Berenice Abbott: Paris Portraits 1925-1930

Hank O'Neal (Editor) Ron Kurtz (Editor)
& 1 more
Available

Product Details

Price
$70.00  $64.40
Publisher
Steidl
Publish Date
October 31, 2014
Pages
368
Dimensions
9.7 X 1.5 X 12.0 inches | 5.3 pounds
Language
English
Type
Hardcover
EAN/UPC
9783869303147

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About the Author

Hank O'Neal, President of Chiaroscuro Records and HOSS, Inc., has produced over 200 jazz LPs and CDs and over 100 music festivals. Books of his own photos include several jazz titles and Gay Day: The Golden Age of the Christopher Street Parade. He is also the author of several books on photographer Berenice Abbott.
Berenice Abbott was a pioneer of documentary photography. A tireless proponent of realism, she achieved distinction within several genres of photography, over successive periods of her career. In France in the 1920s she assisted Man Ray in his portrait studio before setting out on her own. Her distinctive portraits made during the '20s captured artists in Paris with a timeless dignity. Her subjects included photographer Eugène Atget, whose reputation today results from Abbott's recognition and advocacy of his work. Moving back to New York in 1929, she immersed herself for a decade in documenting the city, publishing Changing New York in 1939. These became the photographs for which she is best known and loved. She went on to develop a serious interest in the documentation and visualizing of scientific phenomena, including as picture editor for Science Illustrated. For her last series, on U.S. Route 1, and Maine, Abbott returned to a more traditional documentary language. Abbott died in Monson, Maine, in 1991.

Reviews

Inventor, entrepreneur, and "proud proto-feminist" Berenice Abbott was many things in addition to a pioneering photographer, but Steidl's gorgeous Paris Portraits 1925-1930 focuses on this discrete body of work; it's reportedly the first in a series of Abbott titles, the rest of which can't come soon enough.--John DeFore "The Hollywood Reporter "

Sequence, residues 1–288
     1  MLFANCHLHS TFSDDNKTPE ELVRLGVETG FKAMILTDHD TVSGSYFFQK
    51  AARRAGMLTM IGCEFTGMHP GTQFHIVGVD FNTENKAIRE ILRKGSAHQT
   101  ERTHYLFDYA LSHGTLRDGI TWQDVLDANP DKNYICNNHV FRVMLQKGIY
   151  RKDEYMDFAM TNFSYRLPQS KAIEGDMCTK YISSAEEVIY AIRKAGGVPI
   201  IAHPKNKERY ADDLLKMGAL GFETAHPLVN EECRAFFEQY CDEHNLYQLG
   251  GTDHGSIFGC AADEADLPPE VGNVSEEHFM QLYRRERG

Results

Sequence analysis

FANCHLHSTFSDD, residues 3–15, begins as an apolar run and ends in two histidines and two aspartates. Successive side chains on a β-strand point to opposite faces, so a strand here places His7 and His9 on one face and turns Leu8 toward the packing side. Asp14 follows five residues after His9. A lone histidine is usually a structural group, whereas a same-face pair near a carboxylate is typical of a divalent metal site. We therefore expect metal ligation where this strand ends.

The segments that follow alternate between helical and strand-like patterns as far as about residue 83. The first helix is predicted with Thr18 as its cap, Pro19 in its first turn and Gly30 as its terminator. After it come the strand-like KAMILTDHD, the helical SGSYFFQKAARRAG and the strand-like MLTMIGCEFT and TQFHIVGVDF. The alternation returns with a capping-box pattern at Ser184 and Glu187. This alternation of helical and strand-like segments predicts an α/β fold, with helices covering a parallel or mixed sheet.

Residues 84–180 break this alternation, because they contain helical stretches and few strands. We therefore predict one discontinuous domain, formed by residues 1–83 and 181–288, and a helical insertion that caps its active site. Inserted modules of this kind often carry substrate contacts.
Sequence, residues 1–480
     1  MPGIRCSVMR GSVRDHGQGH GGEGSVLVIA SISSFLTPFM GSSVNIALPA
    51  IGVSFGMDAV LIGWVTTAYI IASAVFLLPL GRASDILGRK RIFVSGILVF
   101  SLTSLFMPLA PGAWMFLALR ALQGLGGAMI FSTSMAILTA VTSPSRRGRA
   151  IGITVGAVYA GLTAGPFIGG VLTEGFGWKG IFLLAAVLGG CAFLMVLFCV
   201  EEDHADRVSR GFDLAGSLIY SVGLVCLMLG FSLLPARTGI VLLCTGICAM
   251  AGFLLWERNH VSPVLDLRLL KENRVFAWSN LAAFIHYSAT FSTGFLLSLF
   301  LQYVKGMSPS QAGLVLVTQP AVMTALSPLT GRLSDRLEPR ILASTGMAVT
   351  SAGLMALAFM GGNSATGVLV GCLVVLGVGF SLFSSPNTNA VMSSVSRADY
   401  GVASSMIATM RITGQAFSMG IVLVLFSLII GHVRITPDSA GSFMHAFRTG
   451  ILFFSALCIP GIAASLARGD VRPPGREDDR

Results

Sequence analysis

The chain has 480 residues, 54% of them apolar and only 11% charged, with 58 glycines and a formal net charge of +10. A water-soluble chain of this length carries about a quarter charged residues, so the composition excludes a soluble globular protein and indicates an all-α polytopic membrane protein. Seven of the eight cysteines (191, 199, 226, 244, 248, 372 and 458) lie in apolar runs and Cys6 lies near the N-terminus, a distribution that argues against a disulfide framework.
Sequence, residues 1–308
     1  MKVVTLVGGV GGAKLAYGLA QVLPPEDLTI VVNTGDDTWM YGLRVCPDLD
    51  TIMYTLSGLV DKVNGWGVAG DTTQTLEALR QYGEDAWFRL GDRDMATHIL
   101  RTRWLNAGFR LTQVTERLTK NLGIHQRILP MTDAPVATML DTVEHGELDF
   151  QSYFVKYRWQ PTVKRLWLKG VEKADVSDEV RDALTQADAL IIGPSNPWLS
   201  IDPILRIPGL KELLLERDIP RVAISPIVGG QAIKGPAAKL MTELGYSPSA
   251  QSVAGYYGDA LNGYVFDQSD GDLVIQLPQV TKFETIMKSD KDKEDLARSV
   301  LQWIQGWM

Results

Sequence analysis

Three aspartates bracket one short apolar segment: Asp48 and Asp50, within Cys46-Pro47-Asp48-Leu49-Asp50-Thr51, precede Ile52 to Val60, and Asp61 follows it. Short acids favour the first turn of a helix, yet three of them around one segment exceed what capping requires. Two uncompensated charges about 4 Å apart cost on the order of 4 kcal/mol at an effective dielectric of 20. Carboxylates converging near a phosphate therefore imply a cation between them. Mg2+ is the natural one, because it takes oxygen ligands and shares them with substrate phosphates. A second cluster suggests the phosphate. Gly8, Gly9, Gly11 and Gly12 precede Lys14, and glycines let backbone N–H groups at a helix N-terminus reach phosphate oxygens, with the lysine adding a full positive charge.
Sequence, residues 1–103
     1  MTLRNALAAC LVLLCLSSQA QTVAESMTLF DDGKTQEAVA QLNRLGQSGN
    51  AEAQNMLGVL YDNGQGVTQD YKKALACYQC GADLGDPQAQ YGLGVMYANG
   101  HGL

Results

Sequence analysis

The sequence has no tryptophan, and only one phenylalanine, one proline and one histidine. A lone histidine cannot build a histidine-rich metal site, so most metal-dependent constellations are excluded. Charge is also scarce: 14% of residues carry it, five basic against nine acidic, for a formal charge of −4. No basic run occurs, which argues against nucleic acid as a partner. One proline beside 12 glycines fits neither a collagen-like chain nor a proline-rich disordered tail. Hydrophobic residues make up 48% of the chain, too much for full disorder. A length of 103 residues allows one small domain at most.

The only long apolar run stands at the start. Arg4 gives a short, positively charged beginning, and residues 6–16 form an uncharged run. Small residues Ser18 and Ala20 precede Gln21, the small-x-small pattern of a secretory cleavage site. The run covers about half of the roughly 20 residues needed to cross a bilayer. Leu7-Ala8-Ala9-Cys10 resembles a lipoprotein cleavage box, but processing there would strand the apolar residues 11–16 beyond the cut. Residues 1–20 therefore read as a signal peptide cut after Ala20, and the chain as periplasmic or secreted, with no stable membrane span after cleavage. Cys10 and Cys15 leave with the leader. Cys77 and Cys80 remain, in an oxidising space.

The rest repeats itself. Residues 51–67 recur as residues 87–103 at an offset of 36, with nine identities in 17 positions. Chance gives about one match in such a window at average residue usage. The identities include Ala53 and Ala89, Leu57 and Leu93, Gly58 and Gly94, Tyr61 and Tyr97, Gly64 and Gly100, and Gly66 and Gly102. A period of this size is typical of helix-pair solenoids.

The subjects of Abbott's earliest photography project, now published in full for the first time as Paris Portraits 1925-1930, are never dull--particularly the women, who, in a dismissal of her male colleague's efforts, she aspired to capture as more than "pretty objects."--Prudence Peiffer "The New York Review of Books "
[The book] features 115 portraits of 83 subjects that have been scanned from the original glass negatives and printed in full, as well as the final crops as Abbott intended. The juxtaposing result, as O'Neal told In Sight, allows you to "see her process. You see what she is doing. You see an artist at work."--Karly Domb Sadof "The Washington Post "
a pristine collection examining the first phase of [Abbott's] career as a portrait photographer--Lew Whittington "New York Journal of Books "
She lived with Djuna Barnes, photographed Man Ray, and taught Marcel Duchamp how to dance. Upon the release of a book showcasing her famous Paris Portraits, we discover the woman behind the camera.--Carey Dunne "Another Magazine "
...it's the uncropped plates that turn Berenice Abbott - Paris Portraits 1925-1930 into the treasure it is, one of the finest photobooks I have come across this year.--Hank O'Neal "cphmag.com "
a deeply intimate view into these quiet yet powerful photographs--Miss Rosen "Feature Shoot "
There is a unity in Abbott's portraiture--finely presented in Steidl's indispensible Paris Portraits: 1925-1930...the ambiguity a product of the interaction between Abbott and her sitter. Her great achievement was to capture this fleeting milieu, on neither her nor her subjects' terms exclusively, but on the fertile middle ground.--Julian Cosma "Art News "